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Posts posted by Schielke

  1. Most likely the entire west coast is doughbut/donut wasteland (and getting worse as Krispy Kreme raises it's poofy, too-sweet head), but that place in the market that makes those mini-donuts with that antique machine is still pretty cool.


    I totally agree, I love the deluxe ones with the chocolate and sprinkles....mmmm tiny doughnuts.


  2. For an out of the way surprise, try Olives Gourmet Foods in Edmonds (just North of Seattle)  They have a fantastic olive bar, over 50 cheeses from around the world and spices, oils, vinegars and more that I have a hard time finding anywhere else.  Now I do not have to drive 20 minutes to find some good food.

    Thanks for the awesome tip! I work in Mukilteo and will have to check that place out!


  3. This reminds me of a new "bakery" in the U-dist that opened up about a year ago near my old place over there. I walked in thinking it was some cool little bakery, but guess what? Wheatless, Eggless, Milkless, Sugarless stuff everywhere! Mmmmmm sprouted algae cake! I guess there is a market for this "food" though.


  4. To me, the idea of searing first, then cooking slow, is counter-intuitive when it comes to large items to be cooked with dry heat. There's also this notion I have that the bigger the hunk of meat, the less risky any cooking method is, and the less difference any particular technique will have. In the end, the heat and muscle work it out on their own. If you were to sear a big roast, then stick it in an oven for 3-1/2 hours, what would you expect to have happened to the effects of searing? Would it not have gotten brown and crusted on the outside anyway? Do you really think you would be limiting juice loss in any significant way? This doesn't even consider what an awkward proposition searing a four-rib roast would be. For a big, rounded hunk of meat, searing, a technique that requires mostly flat sides to work, seems much less controllable than an oven at 550.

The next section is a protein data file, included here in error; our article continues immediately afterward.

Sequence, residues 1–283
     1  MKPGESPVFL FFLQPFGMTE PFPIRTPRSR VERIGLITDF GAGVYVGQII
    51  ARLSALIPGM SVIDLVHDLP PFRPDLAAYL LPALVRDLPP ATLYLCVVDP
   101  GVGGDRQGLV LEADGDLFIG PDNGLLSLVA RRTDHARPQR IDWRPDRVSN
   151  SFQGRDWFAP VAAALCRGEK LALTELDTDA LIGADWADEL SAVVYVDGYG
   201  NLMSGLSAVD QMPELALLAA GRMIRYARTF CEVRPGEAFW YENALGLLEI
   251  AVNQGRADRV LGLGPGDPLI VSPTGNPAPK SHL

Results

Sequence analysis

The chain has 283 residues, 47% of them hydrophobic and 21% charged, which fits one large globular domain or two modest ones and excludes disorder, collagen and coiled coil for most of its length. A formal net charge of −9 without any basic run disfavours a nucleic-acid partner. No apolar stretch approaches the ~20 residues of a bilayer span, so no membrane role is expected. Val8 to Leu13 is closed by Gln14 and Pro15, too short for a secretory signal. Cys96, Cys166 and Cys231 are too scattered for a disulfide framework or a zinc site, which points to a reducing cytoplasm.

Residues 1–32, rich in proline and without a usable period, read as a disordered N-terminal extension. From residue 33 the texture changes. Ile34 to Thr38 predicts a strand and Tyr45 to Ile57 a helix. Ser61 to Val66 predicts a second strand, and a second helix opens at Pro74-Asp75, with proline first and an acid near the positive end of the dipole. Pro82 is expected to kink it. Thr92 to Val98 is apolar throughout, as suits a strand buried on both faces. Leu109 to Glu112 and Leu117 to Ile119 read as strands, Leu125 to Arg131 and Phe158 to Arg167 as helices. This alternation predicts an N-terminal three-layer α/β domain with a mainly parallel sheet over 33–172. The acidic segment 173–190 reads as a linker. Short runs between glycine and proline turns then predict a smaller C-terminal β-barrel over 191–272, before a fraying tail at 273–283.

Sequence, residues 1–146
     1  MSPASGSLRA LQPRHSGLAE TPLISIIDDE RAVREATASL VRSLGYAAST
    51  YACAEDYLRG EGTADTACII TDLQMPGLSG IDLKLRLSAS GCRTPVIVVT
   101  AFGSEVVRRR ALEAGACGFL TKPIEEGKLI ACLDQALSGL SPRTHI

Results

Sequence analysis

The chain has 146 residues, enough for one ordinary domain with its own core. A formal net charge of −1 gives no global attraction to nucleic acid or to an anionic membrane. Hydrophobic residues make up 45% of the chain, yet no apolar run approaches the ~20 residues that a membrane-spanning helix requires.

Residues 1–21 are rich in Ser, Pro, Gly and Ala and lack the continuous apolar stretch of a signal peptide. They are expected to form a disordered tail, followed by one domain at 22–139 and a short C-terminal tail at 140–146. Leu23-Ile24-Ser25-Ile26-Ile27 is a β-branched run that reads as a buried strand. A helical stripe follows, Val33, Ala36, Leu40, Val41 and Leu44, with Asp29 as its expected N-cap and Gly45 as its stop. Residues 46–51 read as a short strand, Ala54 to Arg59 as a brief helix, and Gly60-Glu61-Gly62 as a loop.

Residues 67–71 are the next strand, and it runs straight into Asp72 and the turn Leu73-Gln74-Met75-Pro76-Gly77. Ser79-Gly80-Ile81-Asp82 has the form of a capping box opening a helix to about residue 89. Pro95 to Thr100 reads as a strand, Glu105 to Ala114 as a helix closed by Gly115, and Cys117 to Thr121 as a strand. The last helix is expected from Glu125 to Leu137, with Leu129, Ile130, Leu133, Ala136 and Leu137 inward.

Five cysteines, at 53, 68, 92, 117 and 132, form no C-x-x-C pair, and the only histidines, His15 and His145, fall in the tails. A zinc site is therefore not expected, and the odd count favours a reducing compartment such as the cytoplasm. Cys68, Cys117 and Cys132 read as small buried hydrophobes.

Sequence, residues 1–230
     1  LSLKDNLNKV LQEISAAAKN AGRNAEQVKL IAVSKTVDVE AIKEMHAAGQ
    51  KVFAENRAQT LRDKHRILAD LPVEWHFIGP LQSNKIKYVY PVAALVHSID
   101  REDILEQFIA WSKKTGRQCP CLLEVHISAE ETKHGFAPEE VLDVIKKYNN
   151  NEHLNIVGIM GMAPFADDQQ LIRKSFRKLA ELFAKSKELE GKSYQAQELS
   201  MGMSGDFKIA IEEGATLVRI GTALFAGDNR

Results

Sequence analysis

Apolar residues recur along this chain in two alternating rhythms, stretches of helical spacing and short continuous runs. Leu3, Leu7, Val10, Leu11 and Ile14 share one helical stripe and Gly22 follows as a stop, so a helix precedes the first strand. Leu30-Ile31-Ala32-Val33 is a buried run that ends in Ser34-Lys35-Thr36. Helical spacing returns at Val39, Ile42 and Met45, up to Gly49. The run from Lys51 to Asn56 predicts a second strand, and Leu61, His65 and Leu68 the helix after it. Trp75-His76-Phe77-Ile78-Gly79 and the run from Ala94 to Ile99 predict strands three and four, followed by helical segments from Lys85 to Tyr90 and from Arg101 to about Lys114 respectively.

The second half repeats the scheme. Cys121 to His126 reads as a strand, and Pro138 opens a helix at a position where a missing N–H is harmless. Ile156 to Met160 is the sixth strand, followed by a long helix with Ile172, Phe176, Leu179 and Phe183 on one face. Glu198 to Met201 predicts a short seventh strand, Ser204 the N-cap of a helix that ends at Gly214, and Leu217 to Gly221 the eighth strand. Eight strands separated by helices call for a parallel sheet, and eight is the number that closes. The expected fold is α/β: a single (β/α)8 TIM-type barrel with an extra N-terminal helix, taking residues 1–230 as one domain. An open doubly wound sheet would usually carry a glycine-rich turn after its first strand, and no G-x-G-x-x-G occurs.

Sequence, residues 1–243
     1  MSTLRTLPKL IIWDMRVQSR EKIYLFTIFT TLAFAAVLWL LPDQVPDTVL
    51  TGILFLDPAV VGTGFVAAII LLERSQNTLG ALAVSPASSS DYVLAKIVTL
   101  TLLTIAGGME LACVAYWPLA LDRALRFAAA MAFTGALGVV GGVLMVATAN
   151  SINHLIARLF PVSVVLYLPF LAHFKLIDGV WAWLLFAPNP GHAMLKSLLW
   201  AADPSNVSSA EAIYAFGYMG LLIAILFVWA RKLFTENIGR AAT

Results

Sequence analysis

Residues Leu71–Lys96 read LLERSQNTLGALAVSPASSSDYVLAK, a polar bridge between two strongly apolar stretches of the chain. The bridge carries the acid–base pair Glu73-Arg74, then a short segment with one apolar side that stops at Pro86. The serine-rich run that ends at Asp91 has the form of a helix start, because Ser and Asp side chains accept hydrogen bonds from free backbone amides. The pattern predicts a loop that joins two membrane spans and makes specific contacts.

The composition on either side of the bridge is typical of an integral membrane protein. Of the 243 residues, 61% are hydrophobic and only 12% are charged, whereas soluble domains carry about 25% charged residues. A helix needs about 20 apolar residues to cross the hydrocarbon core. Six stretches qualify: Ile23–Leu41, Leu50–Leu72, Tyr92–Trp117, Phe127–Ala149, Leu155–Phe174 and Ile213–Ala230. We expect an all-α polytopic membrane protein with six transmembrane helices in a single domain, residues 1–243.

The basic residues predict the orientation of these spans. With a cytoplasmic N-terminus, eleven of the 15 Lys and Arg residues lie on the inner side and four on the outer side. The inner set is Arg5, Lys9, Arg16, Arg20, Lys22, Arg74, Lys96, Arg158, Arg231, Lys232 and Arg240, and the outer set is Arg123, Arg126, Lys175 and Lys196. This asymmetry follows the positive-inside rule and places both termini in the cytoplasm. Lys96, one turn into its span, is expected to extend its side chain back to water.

The ideal roast has no well-done parts--it's a brown crust surrounding evenly rare or medium rare meat, with no surrounding gray strata. Brown. Pink. That's all. I think what Brown addresses (though if he said it explicitly I missed it) is that by slow-roasting first, you coax soluble proteins and sugars to the surface in the process. Then you blast it with heat to brown the proteins quickly, and you're done. If you go high-heat to start, it takes much longer to brown, and the roast gets overcooked near the surface much more easily--fewer protein chains and sugars means longer browning time, plus you get carryover from searing or a high-temp oven. Not to mention that you'll render away part of the fat, which I think serves a protective function.

    All of the above is theory on my part. When I was in the resturant biz, we just stuck 'em in the oven after an oil/salt/pepper massage, roasted at 275 or 300? (can't remember exactly, but it was on the low side), and they came out beautifully every time--crusty exterior, med-rare to rare centers, and chewy, beefy-tasting end cuts. Of course, they had been aged 120 days!

    The problem is that I don't have the budget to do a comparison. Unless, that is, I can convince my dining companions that we should have it both for Christmas and New Year's...

    Yes, AB covers this in the show. He suggests starting with a room temp roast seasoned with Salt, Pepper, and Oil (stating the salt will help draw out the protiens that will brown); Cook it in a 200 deg oven until the internal temp is 118 deg (to allow for carryover); Rest while you heat the oven to 500 deg; Blast it for 15 min to brown.


    Go AB

  5. also, i'm interested in smoking a piece of salmon. i want the smokey flavor on the outside, but i don't want it to "cook" at all.  i want the raw texture.  any advice on how long, etc??

    Cold smoke that puppy! basically it involves a seperate "chamber" for the smoke to lose its heat before it reaches the object to be smoked.


  6. If you were suddenly bestowed the power to be God of Cocktails, what cocktail would you instantly popularize with the masses? In other words, is there a cocktail recipe that you absoloutely adore that you never see ordered in bars and wish was. I hope that was clear :biggrin:

    Thanks for your time! I will mix myself something nice tonight in honor of this Q & A!


  7. Excelent Question, I hope others chime in.

    I never was exposed to it as a child and had no experience with it. I did not know what to expect. Once I did try it, I was rewarded with amazing flavors and textures. I think many people are affraid of intense flavors or non-western flavors even if they are delicious.


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